Proof-Of-Stake In Blockchain


Proof-of-stake is a contentious consensus protocol in the blockchain. After uncovering all of the flaws in Satoshi Nakamoto's proof-of-work implementation in Bitcoin, blockchain behemoths like Ethereum decided to switch to proof-of-stake. Furthermore, extensive research is being conducted to integrate the PoS consensus method on the Ethereum blockchain.

Proof-of-Stake (PoS) is an additional consensus technique (PoW). Keeping a decentralised network synced requires a consensus process. In plain terms, it's a situation in which the majority of network users consent to the upcoming change in the network.

There must be set protocols for the entire network to agree upon in order to keep the decentralised network in alignment. The network's participants must agree on the modifications to be made, and if there appears to be a discrepancy, the change should self-correct.

Decenteralized network

What is Proof-of-Stake (PoS) in blockchain?

Proof-of-stake gets around proof-of-drawbacks, works such as excessive power and energy usage. In the case of proof-of-work, each miner must do a difficult mathematical calculation, and ultimately, only one miner is chosen. The amount of computing and energy resources wasted as a result of doing things this way is enormous.

Proof-of-stake (PoS) therefore stakes some coins early, in contrast to PoW. Consequently, some of the coins belonging to the participants (or validators) must be staked. They will forfeit their stake if it turns out that the block they are trying to create in the network contains fraudulent transactions. If not, they will receive the coins they staked.

Proof-of-stake is a technique that allows network users to add additional blocks of transactions. The goal is to avoid having to pay for mining a new block from scratch every time the network grows.

In addition, we have validators for proof-of-stake. In essence, validators are network users that want to add their block of transactions. To guarantee their choices, they must stake some of their coins in the escrow account.

As a result, several validators have been chosen. Random selection determines which of them will have the opportunity to add their blocks. First, via attesting, other validators determine whether the block of the selected validator is valid or not. He receives the award if it is deemed valid. If not, he forfeits his stake.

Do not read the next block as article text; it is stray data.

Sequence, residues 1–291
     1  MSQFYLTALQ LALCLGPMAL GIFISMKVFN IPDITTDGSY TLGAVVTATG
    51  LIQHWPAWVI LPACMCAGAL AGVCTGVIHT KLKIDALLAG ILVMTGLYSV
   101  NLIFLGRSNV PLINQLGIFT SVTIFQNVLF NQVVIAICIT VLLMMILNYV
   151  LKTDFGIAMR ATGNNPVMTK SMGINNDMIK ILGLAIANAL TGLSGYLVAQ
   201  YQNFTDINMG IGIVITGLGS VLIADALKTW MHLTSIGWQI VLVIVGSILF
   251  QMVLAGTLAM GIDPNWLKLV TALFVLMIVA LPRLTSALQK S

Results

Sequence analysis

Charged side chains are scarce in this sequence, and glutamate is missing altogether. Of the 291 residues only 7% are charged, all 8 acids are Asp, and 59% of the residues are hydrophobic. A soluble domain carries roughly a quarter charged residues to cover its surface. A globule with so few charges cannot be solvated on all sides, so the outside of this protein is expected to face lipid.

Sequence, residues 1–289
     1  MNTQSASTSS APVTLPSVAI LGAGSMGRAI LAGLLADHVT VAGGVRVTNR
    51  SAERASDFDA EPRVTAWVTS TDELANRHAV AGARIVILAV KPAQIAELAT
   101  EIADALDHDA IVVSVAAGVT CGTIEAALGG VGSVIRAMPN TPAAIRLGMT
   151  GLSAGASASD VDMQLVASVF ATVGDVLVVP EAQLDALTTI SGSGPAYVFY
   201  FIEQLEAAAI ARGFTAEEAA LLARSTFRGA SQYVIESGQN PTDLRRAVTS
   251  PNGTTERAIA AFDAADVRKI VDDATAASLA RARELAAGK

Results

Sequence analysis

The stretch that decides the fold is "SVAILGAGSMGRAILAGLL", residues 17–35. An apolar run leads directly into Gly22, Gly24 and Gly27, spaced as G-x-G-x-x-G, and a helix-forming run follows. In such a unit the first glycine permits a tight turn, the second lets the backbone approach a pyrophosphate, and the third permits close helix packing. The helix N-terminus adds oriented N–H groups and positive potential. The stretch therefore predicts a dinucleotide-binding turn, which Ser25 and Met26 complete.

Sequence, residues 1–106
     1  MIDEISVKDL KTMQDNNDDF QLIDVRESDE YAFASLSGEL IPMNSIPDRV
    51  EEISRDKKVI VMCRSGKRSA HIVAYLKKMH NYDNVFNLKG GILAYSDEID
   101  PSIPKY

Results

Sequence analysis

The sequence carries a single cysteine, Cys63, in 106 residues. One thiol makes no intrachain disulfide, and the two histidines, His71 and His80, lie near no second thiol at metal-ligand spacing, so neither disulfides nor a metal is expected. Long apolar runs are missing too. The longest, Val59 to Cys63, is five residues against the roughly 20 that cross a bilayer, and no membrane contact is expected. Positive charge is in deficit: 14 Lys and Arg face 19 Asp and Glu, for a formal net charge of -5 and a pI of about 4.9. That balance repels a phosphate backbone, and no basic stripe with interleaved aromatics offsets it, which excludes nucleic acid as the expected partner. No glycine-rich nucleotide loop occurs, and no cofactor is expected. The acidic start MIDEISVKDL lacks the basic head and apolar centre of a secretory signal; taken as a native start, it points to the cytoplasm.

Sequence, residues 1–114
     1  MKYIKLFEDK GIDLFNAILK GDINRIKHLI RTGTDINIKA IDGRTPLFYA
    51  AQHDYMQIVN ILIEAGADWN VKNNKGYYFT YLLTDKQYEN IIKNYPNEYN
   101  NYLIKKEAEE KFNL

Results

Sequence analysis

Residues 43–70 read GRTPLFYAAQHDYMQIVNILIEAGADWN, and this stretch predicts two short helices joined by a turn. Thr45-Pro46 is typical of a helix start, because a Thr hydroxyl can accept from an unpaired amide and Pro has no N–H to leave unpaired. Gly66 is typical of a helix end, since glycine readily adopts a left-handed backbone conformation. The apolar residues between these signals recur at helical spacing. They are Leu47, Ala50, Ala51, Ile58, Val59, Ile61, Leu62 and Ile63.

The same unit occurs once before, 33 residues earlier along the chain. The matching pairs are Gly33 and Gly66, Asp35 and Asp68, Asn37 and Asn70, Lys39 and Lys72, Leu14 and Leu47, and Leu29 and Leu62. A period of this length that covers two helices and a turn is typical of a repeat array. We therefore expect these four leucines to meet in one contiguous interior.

Let's first thoroughly understand the operation of Proof-of-stake and the validation process.

How does the Proof-of-Stake Algorithm work?

We now understand the following points,

  • Blocks in the PoS protocol are forged rather than mined.
  • Here, the already-added network participants may take part in order to add or fabricate a new block of transactions. They may also be known as validators.
  • A percentage of the coins that validators receive must be given away or temporarily locked up as a stake in the escrow account.
  • Based on their stakes, one of the validators' blocks was chosen at random.
  • Other validators will check and vouch for the chosen block.
  • Consider a block that has been endorsed as legitimate by every validator. The block grows the blockchain network, and the person who verified it gets paid.
  • Otherwise, it will be marked as invalid and the participant would forfeit the coins they staked if it is fraudulent or causes any discrepancy.

Let’s take an example of the above steps using a diagram.

Proof-of-Stake in Blockchain

However, the above process raises a few questions. Such as,

Why would validators certify to another block if their blocks are not chosen?

So, if any network user registered as a validator, they must take part in the validation procedure. If not, they will forfeit some of the coins they staked as a penalty for the validator's lack of understanding of the procedure. Additionally, this is known as "slashing the validator."

How does one of the validators gets selected?

The number of coins staked or the length of time a validator has been staking are only two examples of the many criteria available to choose between participating validators. They are dependable and trustworthy, as evidenced by these limits. A random function may also be used occasionally to choose participants, ensuring that each person has an equal chance.

Is proof of stake a viable option for a first consensus mechanism?

It's not right now. PoS are useful once a significant number of participants have been recruited. Therefore, it cannot be too early because doing so increases the possibility of a 51% attack by participants in a dominating network. One can begin with a Proof-of-work (PoW) consensus mechanism before switching to PoS, as Ethereum is doing.

This brings us to our next section: proof-of-work VS proof-of-stake.

Proof of Work VS Proof of Stake

Proof-of-Stake in Blockchain

Delegated Proof of Stake (DPoS)

Delegated proof of stake (DPoS) system, a recent advancement in the proof of stake concept, must be mentioned. Validators are chosen through an election mechanism in the delegated PoS process. Here, other network users can vote for the validators they prefer. A network participant's whole number of tokens can cast the same number of votes for validator nominations. Additionally, validators have the ability to create and approve new blocks that are added to the network.

In a nutshell, it's an extra layer of the PoS process that gives network users (or delegates) the ability to elect the validators through voting.

Proof-of-Stake in Blockchain


The proof of stake (PoS) consensus mechanism is covered in full in the aforementioned article. It includes an example, several questions, and a full explanation of how PoS functions. Additionally, a table of comparisons between proof-of-stake (PoS) and proof-of-work (PoW) consensus algorithms is included. The Delegated Proof-of-Stake Mechanism is finally highlighted.

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